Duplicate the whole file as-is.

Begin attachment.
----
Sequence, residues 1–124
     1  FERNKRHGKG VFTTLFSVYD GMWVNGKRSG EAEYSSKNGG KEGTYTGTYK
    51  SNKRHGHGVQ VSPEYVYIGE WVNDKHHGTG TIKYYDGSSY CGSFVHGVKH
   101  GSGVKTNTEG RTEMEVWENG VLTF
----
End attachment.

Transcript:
Sequence, residues 1–124
     1  FERNKRHGKG VFTTLFSVYD GMWVNGKRSG EAEYSSKNGG KEGTYTGTYK
    51  SNKRHGHGVQ VSPEYVYIGE WVNDKHHGTG TIKYYDGSSY CGSFVHGVKH
   101  GSGVKTNTEG RTEMEVWENG VLTF